BEIJING — One word: plastics.
Yep, this story is a little bit about plastics. My apologies.
But it’s a whole lot about Minnesota-China business relationships and about how small companies in the United States do Olympic business, too. They don’t have to be Visa, Coca-Cola or McDonald’s, the big hitters that are official Olympic sponsors.
They can be like Engineered Polymers Corp., EPC for short. It’s based in Mora, Minn. It has 240 employees.
But when you turn on the TV today and watch the Olympic track meet, you and the rest of the world will see EPC’s work. The company — annual sales not disclosed — manufactured the 6,500 plastic modules that, tiled together and filled with grass, make up the field in the Bird’s Nest, Beijing’s stunning National Stadium.
EPC is an example of how Minnesota companies — big and small — are doing business in and with China every day.
As executive director of the Minnesota Trade Office in St. Paul, it’s Tony Lorusso’s job to promote business between Minnesota and other nations. China is a key partner.
Minnesota business links go back to the 1880s, when fabled railroad baron James J. Hill began trading with and shipping to Asian nations.
In 1883, Lorusso said, Hill erected a bridge in downtown St. Paul, near where Wells Fargo Center and Minnesota Public Radio’s headquarters now sit. He erected the bridge in honor of the completion of the Great Northern Railroad from Minnesota to the West Coast. The rail link, coupled with his shipping lines to Asia, were intended to increase trade with China.
Even though the bridge only crossed over 7th St., Hill apparently viewed it as “a connecting link between St. Paul and China,” Lorusso said in a recent interview. “That was pretty visionary.”
By 1914, the first Chinese students began coming to the University of Minnesota. And today, of course, the ‘U’ has one of the largest concentrations of Chinese students in the United States. They are aided by and attracted by the world-renowned China Center on campus. The ‘U’ has graduated more than 8,000 Chinese nationals over the years, Lorursso said.
From Gov. Arne Carlson, through Gov. Jesse Ventura to Gov. Tim Pawlenty, Minnesota’s trade with China has been soaring.
According to Li King Feng international trade representative for Greater China for the Trade office, in 1987 the amount of manufacturing exports from Minnesota to China was negligible. About $40 million.
For the past three years, Minnesota has exported more than $1 billion worth of manufactured goods here. Add in agricultural equipment, commodities and some services and Minnesota is pushing towards $1.3 billion of annual exports to China. (PDF)
“You’re going to a country with 1.3 billion people,” Li told me last month before I departed for the Olympics. “We have reached the status that Minnesota has sold one dollar to each and every Chinese person for three years running.”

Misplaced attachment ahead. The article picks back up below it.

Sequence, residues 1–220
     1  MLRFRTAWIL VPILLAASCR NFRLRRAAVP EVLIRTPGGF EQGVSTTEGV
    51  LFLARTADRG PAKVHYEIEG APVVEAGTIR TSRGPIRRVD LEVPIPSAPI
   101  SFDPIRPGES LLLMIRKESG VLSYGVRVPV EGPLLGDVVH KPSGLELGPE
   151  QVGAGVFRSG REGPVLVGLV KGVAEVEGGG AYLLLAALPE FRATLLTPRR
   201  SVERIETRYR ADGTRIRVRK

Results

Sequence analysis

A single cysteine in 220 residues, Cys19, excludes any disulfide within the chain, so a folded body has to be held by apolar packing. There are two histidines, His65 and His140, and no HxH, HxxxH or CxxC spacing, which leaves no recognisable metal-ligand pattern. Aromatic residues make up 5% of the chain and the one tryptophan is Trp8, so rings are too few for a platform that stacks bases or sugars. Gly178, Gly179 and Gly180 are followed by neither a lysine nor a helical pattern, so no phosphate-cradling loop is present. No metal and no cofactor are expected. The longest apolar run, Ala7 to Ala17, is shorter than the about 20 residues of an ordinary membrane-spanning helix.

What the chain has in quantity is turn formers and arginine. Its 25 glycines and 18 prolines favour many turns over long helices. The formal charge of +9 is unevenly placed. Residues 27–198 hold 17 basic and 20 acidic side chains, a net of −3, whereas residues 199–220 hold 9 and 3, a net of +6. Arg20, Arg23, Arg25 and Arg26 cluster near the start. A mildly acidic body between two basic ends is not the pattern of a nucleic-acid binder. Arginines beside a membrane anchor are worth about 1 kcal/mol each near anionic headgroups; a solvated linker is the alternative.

Here’s a neater micro story about how it drills down to Mora.
GreenTech is another relatively small firm in Richmond, Va. It has a unique product for stadiums. Its technology is this: Rather than plant an entire grass field in a stadium, GreenTech installs it in modules. They are 46-inch square boxes — “flower pots,” said GreenTech founder Chris Scott — and they are installed much like tiles on a floor would be. They have interlocking gizmos attached to them.
The modules were designed by Scott and his firm. GreenTech owns the mold. GreenTech hires EPC to manufacture the modules.
Peggy Voss, an EPC spokesperson, said her company molded 6,150 turf trays for GreenTech’s China project. That was more than a year ago. It amounted to 12 truckloads, and it took EPC employees three weeks of molding for 24 hours a day, seven days a week.
“When we received the order for these, it was pretty exciting around here, knowing we were making part of the Olympics happen,” she said.
GreenTech got the contract with the Beijing organizers — estimated to be worth about $1.5 million — because of this piece-by-piece grass technology.
Because of all the theatrical infrastructure of Opening Ceremonies in the National Stadium and because 10,000 athletes marching in and standing on grass for three hours would destroy it, organizers didn’t want a grass field installed until AFTER the ceremonies.
But the Olympic track meet starts Friday. Thus there was barely a one-week window to put in a full football-sized field.
GreenTech specializes in installing its product swiftly. Earlier this week, using hundreds of workers, GreenTech’s Scott oversaw the installation of the field in about 48 hours.
Soon after EPC shipped the trays in the summer of 2007, grass experts from Michigan State planted grass in each of the 6,000-plus modules. Grass is grown and watered in the modules before installation. And then each “flower pot” is laid end-to-end, row-by-row.
EPC makes the flower pots that hold the grass that allow the world’s best track athletes to perform at the Beijing Olympics.
Plastics, it turns out, can be pretty cool.